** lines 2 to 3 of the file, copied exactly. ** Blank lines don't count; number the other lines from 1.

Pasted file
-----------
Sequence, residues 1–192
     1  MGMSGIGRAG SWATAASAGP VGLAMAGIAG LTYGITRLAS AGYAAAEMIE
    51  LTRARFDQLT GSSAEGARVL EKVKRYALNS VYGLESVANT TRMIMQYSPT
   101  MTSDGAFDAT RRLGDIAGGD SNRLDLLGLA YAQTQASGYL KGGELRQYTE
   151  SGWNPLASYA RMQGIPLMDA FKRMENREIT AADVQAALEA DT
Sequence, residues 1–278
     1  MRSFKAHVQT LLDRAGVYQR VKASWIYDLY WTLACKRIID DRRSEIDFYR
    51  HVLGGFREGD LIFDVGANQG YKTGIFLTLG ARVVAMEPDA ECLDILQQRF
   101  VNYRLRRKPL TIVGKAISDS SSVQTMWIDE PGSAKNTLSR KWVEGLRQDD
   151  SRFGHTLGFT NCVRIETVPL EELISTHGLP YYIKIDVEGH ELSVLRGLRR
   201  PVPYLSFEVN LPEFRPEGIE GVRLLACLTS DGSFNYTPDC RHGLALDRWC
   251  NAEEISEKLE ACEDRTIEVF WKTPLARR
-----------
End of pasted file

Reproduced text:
     1  MGMSGIGRAG SWATAASAGP VGLAMAGIAG LTYGITRLAS AGYAAAEMIE
    51  LTRARFDQLT GSSAEGARVL EKVKRYALNS VYGLESVANT TRMIMQYSPT